As we view the questions presented by the record now before this court, we are confronted with this question: Can a defendant be lawfully sentenced in a misdemeanor case, where he enters a plea of guilty to an accusation which is void, in that therein no offense is charged? This brings up for determination whether or not the accusation stated an offense. Code 58-209 provides: "It shall be, unlawful for any . . . individual to knowingly permit or allow any one to have or possess or locate on his premises any apparatus for the distilling or manufacturing of the liquors and beverages specified in section 58-201. When any such apparatus is found or discovered upon said premises the same shall be prima facie evidence that the person in actual possession had knowledge of the existence of the same, and upon conviction therefor, shall be punished as for a misdemeanor, the burden of proof in all cases being upon the person in actual possession to show the want of knowledge of the existence of such apparatus on his premises." It seems that the gravamen of the offense charged under this statute is to knowingly have, possess or locate on one's premises such apparatus. The accusation should even describe the premises. See Johnson v. State, 152 Ga. 270 (2) (109 S. E. 673). The apparatus must be found on the defendant's premises and in his possession or control or in the control or possession of someone permitted by him to have the same. See Johnson v. State, supra; Johnson v. State, 79 Ga. App. 210 (53 S. E. 2d, 498). In the latter case this court ruled: "The gravamen of the offense making penal the possession of an apparatus for illegally distilling alcoholic liquors, as provided in Code 58-209, is knowingly having upon one's premises such an apparatus or knowingly permitting or allowing another to do so. Accordingly, an accusation charging that the defendant 'did unlawfully have and possess an apparatus for the distilling and manufacturing of spirituous, vinous, malted, fermented, and intoxicating liquors and beverages, said apparatus consisting of one 75 gallon copper still, one thumper keg, and 240 gallons of mash,' is subject to demurrer because it fails to allege that the defendant knowingly had the same on his premises, or that he knowingly permitted another to do so." (Italics ours.) In the body of the decision this court said: "The gravamen of the offense is knowingly having upon one's premises an apparatus for the illegal manufacturing of alcoholic beverages . . . This statute does not make penal the possession of such apparatus other than on the premises of the defendant. The possession of such an apparatus other than on one's premises is not unlawful." Alexander v. State, 25 Ga. App. 175 (102 S. E. 878); Brown v. State, 67 Ga. App. 550 (21 S. E. 2d, 268); Edwards v. State, 25 Ga. App. 179 (102 S. E. 847). This court ruled that the accusations in that case failed to charge any offense against the defendants therein. The accusation in the instant case charged that the defendant did on the 12th day of August, 1952, "personally have in his possession apparatus usable for the distilling and manufacturing of" alcoholic liquors, and failed to state that the defendant knowingly possessed same on his premises or allowed some other person to have same on his premises. This accusation failed to state against the defendant any offense. He can admit every allegation thereof, and yet will not be guilty of offending the laws of this State. Johnson v. State, 79 Ga. App. 210, 213, supra. The accusation was therefore void, and any sentence based thereon was illegal and contrary to law. In the act creating the City Court of Lexington (Ga. L. 1899, pp. 395, 403), it is provided that the defendant in criminal cases shall be tried upon written accusation, setting forth plainly the offense charged. Where the defendant can admit every allegation in an indictment or accusation, and not be guilty of any act transgressing the laws of this State, his motion in arrest of the judgment and sentence should be sustained. Rambo v. State, 25 Ga. App. 390 (103 S. E. 494); Butts v. State, 46 Ga. App. 174 (167 S. E. 209). This accusation therefore was fatally defective and hence absolutely void. Therefore, when the defendant entered a plea of guilty, thereby admitting that he was in possession of apparatus used for the manufacture of intoxicating and alcoholic liquors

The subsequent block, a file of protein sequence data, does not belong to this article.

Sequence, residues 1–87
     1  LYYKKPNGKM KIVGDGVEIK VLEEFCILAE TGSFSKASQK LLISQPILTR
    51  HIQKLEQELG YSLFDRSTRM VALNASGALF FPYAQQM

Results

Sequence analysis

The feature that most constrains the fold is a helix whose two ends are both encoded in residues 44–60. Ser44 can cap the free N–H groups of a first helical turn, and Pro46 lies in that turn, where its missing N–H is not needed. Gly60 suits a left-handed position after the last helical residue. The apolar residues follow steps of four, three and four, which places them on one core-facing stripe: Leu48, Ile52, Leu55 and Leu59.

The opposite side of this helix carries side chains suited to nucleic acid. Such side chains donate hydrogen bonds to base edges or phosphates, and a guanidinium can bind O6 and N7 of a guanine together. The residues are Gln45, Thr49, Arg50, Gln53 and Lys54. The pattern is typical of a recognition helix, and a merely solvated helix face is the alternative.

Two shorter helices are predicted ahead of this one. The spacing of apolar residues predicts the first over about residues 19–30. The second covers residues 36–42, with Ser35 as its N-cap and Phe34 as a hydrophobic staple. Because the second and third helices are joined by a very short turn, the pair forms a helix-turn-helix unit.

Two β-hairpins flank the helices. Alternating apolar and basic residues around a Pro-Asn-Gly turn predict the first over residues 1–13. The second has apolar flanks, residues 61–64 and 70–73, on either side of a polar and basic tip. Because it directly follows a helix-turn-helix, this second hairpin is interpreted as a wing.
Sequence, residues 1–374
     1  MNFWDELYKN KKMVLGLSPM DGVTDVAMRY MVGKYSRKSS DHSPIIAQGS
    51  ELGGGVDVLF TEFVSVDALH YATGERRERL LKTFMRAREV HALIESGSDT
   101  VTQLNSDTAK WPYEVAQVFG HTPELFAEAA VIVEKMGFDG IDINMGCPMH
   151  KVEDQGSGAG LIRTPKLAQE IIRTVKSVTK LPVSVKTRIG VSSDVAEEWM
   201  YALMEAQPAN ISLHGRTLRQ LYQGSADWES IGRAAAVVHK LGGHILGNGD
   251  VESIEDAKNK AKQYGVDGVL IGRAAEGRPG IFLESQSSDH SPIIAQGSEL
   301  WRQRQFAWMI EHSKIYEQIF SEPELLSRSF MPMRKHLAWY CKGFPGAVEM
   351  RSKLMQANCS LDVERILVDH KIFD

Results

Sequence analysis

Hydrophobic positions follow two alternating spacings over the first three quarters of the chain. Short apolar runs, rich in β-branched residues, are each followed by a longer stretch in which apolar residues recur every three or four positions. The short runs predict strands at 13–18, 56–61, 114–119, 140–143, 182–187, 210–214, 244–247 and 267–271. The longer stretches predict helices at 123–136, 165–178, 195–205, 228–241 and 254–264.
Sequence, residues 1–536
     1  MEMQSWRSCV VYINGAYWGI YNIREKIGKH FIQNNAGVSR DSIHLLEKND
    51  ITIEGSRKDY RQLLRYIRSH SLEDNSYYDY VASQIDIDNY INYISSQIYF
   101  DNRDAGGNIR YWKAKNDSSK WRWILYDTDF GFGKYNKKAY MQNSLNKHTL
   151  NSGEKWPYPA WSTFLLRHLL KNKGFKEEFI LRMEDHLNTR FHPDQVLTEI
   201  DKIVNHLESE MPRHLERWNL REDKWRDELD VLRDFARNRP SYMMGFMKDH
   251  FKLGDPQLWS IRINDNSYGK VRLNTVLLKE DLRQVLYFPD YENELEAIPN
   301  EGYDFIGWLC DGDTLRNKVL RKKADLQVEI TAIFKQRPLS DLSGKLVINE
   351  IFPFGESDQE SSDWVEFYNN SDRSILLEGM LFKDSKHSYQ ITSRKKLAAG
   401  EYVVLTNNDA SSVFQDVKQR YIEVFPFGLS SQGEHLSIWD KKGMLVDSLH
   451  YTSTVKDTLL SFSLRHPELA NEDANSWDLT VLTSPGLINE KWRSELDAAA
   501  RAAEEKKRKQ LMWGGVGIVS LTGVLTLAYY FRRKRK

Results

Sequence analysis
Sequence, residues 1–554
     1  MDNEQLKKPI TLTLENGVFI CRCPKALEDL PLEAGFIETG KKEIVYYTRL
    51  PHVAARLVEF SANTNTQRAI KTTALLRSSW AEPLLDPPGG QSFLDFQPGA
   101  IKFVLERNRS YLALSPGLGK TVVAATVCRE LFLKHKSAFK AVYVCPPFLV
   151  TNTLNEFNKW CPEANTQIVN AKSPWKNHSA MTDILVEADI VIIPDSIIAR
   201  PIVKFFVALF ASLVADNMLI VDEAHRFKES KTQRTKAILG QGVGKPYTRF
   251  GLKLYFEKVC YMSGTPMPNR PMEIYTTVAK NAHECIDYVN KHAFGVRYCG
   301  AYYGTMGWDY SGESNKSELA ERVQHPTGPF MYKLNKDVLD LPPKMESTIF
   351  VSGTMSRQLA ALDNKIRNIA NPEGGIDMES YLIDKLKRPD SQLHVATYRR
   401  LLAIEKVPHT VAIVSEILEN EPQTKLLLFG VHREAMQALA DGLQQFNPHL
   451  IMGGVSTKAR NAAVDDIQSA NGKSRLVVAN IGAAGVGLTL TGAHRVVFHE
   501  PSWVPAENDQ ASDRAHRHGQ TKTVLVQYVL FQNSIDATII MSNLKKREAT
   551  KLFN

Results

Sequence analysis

and beverages, he did not admit facts showing him guilty of any violation of the law. Such plea of guilty would not render the judgment and sentence of the court valid. An admission or plea of guilty by a person to having done certain things which are not unlawful does not authorize the imposition of a sentence on him as if he had committed some penal offense. In 8 Ruling Case Law, 116, 85, we find this text: "A plea of guilty admits only the acts charged and does not preclude the defendants from claiming that they do not constitute a crime." A defendant, by pleading guilty, waives all defenses other than that the indictment or accusation charges no offense. Kachnic v. U. S., 53 Fed. 2d, 312 (79 A. L. R. 1366). In other words, the defendant admits only the acts charged and is not precluded from claiming that such facts do not constitute a crime. 14 Am. Jur. 953, 272, and cit. The plea of guilty raises no estoppel against him so as to prevent him from raising the question whether he could be convicted on the indictment or accusation against him. Idem, citing Rex v. Plummer, 2 K. B. (Eng.) 339, 4 B. R. C. 917. While a plea of guilty admits all averments of fact in the indictment or accusation and waives any defects therein in matters of form and not jurisdictional, such a plea will not prevent the defendant from claiming that such facts do not constitute a crime. See Weir v. U. S., 92 Fed. 2d, 634 (114 A. L. R. 481). In Rowland v. State, 72 Ga. App. 793, 799 (35 S. E. 2d, 372), s. c. 199 Ga. 340 (34 S. E. 2d, 577), this court dealt at length with pleas of guilty and the right of the defendant to withdraw the same and as to the discretion of the trial judge relative thereto, and in its opinion held: "It is true, as contended by the State, that a plea of guilty stands upon the same footing as a conviction of guilty by a jury . . . A plea of guilty is a conviction of the highest order and waives all defenses other than that the indictment charges no crime. 14 Am. Jur. 952, 272." (Italics ours.) Reference is also made to Mathis v. Scott, 199 Ga. 743 (35 S. E. 2d, 285); Lumpkin v. American Surety Co., 69 Ga. App. 887 (27 S. E. 2d, 412); Code, 27-1404.
The accusation in the instant case charged no offense, and was therefore fatally defective. The motion in arrest of judgment was properly taken and should have been sustained by the trial court. It was error for the trial judge to overrule and deny the same. This renders it unnecessary to pass upon whether or not the trial court erred in not permitting the defendant to withdraw his plea of guilty. However, it is held that judgment is pronounced whenever the defendant is officially informed by the court of the sentence, and he cannot, as a matter of right, thereafter withdraw his plea of guilty. Griffin v. State, 12 Ga. App. 615 (77 S. E. 1080). After sentence is pronounced, the matter is then within the sound discretion of the trial judge. Griffin v. State, supra; Strickland v. State, 199 Ga. 792 (35 S. E. 2d, 463). So a plea of guilty may be withdrawn as a matter of right before sentence, and after sentence on meritorious grounds in the discretion of the trial judge. Bearden v. State, 13 Ga. App. 264 (79 S. E. 79); and see Rowland v. State, supra.
It follows that the court erred in overruling the defendant's motion in arrest of judgment, which was timely interposed.
Judgment reversed. Townsend and Carlisle, JJ., concur.